IF

it would cut back on the bleeding edge bull **** and run more stable releases less often... the thing i hated the most every time i tried to run ubuntu, id just get it set up the way i like, distro update comes... breaks everything :/

and it needs to SIMPLIFY!!!!! honestly ubuntu tries to be simple on the front end, but in doing so it makes everything complicated and error prone on the back end... its not hard to make both simple imo, you just wont please the 90yo grandmas who cant figure out what a package manager is
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Kinda meh now...
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post #15 of 61
Quote:
Originally Posted by Rookie1337 View Post
@mushroomboy: I don't think we would need to get rid of all the variants if they could find something much more of solid ground. Maybe it's because I know so little about Linux but I view distros more as a change of packagemangager, repos, and philosophy/user mentality. I think if those were truly the among the few differences then Linux could explode in use.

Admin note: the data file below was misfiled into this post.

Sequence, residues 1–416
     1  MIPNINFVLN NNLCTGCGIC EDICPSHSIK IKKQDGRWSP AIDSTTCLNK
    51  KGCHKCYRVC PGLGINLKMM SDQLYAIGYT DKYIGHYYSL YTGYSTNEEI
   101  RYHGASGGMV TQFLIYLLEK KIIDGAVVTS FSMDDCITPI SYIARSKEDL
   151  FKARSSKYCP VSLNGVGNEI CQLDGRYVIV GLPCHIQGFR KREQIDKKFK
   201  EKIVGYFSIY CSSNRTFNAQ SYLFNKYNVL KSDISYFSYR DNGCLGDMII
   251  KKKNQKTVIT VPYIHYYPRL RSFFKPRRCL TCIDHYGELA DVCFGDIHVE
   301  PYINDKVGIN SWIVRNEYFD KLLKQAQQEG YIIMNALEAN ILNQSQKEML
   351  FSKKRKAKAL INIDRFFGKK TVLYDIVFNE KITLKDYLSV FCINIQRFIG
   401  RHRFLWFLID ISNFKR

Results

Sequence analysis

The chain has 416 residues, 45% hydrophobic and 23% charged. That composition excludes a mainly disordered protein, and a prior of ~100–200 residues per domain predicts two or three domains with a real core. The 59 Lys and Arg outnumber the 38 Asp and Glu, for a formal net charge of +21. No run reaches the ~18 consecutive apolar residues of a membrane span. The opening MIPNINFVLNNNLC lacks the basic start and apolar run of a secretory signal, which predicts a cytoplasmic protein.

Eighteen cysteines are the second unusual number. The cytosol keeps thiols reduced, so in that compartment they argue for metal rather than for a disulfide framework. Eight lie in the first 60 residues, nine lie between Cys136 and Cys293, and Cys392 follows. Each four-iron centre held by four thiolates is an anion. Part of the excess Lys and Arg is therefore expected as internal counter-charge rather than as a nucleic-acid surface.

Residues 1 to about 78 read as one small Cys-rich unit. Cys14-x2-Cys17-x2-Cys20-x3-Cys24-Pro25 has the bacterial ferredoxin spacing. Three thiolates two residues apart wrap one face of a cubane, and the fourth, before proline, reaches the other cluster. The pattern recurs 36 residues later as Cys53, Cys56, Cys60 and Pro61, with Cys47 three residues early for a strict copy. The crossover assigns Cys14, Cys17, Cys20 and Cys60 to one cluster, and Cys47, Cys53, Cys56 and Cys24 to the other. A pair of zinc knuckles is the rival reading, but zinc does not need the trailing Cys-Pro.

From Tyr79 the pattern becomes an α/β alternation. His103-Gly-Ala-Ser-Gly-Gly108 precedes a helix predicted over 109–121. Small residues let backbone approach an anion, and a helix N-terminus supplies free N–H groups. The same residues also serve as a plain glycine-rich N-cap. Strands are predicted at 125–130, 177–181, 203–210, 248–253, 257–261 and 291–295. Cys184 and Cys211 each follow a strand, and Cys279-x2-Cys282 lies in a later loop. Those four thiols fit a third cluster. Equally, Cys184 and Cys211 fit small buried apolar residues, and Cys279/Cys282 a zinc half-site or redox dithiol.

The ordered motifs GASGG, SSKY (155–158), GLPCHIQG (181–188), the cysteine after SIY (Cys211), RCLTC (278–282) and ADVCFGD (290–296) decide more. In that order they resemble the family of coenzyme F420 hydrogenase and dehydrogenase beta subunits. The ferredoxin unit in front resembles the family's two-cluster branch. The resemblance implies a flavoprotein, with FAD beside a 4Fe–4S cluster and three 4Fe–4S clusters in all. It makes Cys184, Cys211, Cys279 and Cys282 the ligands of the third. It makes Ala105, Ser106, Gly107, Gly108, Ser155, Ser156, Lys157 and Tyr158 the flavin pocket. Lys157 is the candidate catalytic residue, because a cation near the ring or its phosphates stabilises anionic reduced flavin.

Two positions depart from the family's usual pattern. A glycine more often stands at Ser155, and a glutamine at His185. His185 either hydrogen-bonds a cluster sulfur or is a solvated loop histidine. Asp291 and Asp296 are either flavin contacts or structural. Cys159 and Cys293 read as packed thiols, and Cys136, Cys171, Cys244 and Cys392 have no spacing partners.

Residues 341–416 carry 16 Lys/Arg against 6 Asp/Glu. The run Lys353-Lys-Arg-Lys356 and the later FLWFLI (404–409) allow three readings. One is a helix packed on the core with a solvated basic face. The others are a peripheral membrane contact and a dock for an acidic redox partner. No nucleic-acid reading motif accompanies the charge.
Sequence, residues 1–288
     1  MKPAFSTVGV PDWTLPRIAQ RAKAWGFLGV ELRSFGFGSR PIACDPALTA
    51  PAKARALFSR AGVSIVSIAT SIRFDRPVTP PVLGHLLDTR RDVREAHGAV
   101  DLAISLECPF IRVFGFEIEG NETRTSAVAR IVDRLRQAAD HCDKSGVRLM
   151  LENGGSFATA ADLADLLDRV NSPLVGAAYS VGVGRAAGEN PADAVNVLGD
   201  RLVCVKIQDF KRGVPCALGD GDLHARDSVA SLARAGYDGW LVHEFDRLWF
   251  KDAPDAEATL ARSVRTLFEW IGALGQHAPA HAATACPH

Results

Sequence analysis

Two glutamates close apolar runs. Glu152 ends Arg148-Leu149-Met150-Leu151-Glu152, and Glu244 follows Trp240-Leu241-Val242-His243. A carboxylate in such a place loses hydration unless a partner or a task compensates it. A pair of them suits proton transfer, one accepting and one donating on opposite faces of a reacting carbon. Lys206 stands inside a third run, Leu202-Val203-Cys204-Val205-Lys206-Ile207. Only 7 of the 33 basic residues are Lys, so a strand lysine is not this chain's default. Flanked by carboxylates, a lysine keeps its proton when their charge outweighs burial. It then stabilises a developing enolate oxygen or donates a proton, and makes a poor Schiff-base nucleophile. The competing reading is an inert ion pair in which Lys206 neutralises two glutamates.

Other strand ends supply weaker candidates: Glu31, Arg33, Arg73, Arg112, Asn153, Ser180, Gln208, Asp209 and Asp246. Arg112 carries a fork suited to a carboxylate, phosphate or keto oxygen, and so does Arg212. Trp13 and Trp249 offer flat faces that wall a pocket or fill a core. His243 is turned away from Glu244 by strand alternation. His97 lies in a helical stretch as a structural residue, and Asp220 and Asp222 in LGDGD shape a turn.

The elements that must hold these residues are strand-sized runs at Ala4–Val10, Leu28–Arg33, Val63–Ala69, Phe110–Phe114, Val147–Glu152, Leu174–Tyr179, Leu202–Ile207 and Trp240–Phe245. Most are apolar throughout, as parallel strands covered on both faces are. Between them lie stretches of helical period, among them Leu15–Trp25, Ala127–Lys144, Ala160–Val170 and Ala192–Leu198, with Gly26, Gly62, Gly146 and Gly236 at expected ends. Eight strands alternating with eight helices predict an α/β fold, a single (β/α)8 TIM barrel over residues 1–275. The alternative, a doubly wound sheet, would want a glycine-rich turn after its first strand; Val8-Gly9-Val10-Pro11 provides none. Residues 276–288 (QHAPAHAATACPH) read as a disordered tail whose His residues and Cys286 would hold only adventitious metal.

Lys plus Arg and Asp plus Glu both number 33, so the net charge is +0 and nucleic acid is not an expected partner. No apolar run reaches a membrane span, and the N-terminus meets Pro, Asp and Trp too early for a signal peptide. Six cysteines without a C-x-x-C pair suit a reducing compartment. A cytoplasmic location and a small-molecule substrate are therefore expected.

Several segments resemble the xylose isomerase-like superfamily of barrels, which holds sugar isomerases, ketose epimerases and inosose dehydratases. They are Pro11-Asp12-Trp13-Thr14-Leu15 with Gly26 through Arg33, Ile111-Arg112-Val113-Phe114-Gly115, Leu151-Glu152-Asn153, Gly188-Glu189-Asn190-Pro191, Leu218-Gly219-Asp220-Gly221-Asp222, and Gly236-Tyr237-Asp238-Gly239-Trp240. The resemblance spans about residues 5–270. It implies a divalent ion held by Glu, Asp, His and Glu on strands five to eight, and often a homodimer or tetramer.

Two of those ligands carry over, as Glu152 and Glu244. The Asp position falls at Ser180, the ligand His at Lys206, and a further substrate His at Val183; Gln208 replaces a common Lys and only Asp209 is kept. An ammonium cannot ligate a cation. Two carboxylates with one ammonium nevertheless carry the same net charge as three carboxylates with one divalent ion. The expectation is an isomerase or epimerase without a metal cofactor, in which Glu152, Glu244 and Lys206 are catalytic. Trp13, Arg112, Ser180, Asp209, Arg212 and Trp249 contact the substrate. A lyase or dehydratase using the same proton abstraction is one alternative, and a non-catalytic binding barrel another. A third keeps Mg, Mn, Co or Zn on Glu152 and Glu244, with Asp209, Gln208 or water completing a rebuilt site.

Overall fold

Quote:
Originally Posted by Rookie1337 View Post
Well, SLAX is entirely modular and super tiny without a huge memory foot print. But, you do have to grab each dependency yourself. And in SLAX regard, some programs don't clearly list what dependencies are just "suggested" and what ones are vital to the OS/programs.
The thing about this is that can be a huge difference besides just how they manage packages. When you start moving around libs and where they fit you start breaking vanilla packages. This is why nvidia + arch has problems building xorg. That's just one example, but there are many out there. This then starts to become more and more problematic as the distro starts to integrate those changes. You weren't here when the lib32/lib64 debate was going on. Oh jesus, people were talking **** and things got really messy for a while. I mean messy.